The ability to focus is an essential skill that needs to be developed from a very young age. Working together with a scene partner or multiple scene partners to create an improvised scene takes incredible focus. For example, the audience will not be able to follow a scene if there is more than one person talking at once. Because there are no scripts or cues in improv, actors must listen carefully to be able to judge when there is an opening for them to speak. It takes incredible concentration to listen to your fellow actors, as well as think of what you will do next to contribute to the scene. Even for the most focused child, improv contributes to enhancing and developing this invaluable skill.

5. REACTING & ADAPTING

How a person reacts and adapts to a situation defines their character as a leader. Adaptability is a skill that we all use constantly. Whether you are a full time parent who has to change your plans for your kids because it’s pouring rain outside, or you are the manager of a large company that has to hold an emergency meeting to deal with an unforeseen issue, reacting and adapting to a situation in a productive way is something you need to do everyday.

Improvisation gives children tools and strategies they can use to adapt. When children are doing improv exercises, they constantly have to adapt to new things being thrown at them. For example, their scene partner might throw a curve ball in a scene that they were not expecting and it is their job to react and adapt in a way that moves the scene forward. If they give up or say “no”, the scene is over. Practicing how to react in a scene and how to adapt to a changing story will equip children to react calmly and appropriately to a change in their life.

6. CREATIVITY

Whether we like it or not, we live in a world that is constantly changing. Whether you work for a corporation or are a professional clown, creativity is a an asset in any work environment. Creativity allows you to be innovative, spontaneous, imaginative, original and inventive. Yes, some people are born with creativity oozing out of them, but creativity is a skill that can be developed.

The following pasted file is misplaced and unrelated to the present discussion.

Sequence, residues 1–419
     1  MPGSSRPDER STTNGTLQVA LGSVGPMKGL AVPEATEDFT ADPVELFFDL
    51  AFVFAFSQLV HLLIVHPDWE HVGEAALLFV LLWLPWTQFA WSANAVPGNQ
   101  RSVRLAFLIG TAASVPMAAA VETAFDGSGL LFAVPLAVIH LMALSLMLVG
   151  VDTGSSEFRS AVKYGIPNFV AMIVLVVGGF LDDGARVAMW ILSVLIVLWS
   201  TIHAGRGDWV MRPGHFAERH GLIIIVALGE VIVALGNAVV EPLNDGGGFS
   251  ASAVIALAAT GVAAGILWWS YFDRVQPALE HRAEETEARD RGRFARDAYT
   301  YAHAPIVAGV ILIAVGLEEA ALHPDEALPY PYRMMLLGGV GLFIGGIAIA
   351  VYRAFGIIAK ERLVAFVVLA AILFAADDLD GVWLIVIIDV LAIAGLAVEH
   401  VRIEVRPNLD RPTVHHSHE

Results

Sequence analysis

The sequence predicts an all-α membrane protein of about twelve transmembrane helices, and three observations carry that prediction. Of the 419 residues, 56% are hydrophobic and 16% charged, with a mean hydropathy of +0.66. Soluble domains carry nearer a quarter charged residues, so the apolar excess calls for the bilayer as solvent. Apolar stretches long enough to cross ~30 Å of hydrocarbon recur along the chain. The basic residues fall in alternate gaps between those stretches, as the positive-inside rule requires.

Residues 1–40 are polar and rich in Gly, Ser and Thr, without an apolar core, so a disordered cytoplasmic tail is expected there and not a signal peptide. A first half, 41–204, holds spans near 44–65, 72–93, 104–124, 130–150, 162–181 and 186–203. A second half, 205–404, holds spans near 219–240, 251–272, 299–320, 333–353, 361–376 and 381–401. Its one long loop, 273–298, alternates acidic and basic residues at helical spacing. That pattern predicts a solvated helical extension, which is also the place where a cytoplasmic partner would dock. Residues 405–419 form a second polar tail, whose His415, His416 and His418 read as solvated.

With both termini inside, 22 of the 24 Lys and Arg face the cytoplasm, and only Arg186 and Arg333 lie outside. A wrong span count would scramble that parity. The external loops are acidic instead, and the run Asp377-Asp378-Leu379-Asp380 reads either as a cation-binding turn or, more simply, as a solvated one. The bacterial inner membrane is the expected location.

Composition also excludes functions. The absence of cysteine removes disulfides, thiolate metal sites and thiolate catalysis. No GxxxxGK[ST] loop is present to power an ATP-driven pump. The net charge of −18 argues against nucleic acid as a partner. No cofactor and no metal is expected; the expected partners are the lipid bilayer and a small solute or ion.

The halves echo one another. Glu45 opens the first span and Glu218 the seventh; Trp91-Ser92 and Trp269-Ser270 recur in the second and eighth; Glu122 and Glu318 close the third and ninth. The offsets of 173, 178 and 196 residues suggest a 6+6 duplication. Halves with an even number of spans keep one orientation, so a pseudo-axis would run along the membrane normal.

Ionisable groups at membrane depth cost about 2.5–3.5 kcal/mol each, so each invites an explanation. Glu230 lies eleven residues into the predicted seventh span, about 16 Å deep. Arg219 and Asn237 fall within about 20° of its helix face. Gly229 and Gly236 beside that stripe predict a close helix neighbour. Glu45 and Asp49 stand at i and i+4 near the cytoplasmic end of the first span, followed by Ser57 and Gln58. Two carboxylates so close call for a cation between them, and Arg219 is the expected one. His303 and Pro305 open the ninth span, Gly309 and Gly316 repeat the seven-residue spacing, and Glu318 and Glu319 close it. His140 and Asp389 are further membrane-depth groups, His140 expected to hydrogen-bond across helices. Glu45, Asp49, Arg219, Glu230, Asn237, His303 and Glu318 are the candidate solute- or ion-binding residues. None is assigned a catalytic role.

Improv allows children (and adults) to play, to let loose and tap into their creative side. Playing, for most children, comes naturally, but after a certain age we lose our ability to play. Improvisation allows us to discover or rediscover our creative side, encouraging us to create characters and scenarios that come from our imagination.

The corporate world has realized the huge benefit and skill building potential of improvising. In order to increase employee creativity, a growing trend in the business world is hiring professional actors to run improvisation workshops with employees. If our children are well-versed in the ways of improv they will be ahead of their peers and thrive in any career they choose.

7. CONFIDENCE

Confidence is a big issue for many people and they suffer in their personal and professional lives because of it. People excel in the work world not only because of their intelligence or creativity, but because an employer sees confidence within them.

Confidence comes with competence. Once children feel competent in their own abilities, confidence will come naturally. If we help children build leadership skills, confidence will follow. Theatre improvisation exercises are a great way to build a child’s confidence by building the other 6 skills I have outlined above.

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Giving kids experiences in theatre is preparing them for life and the working world in so many ways. The next time you are looking for an extra curricular activity for your child consider theatre. The benefits go well behind the fun they will have in the program!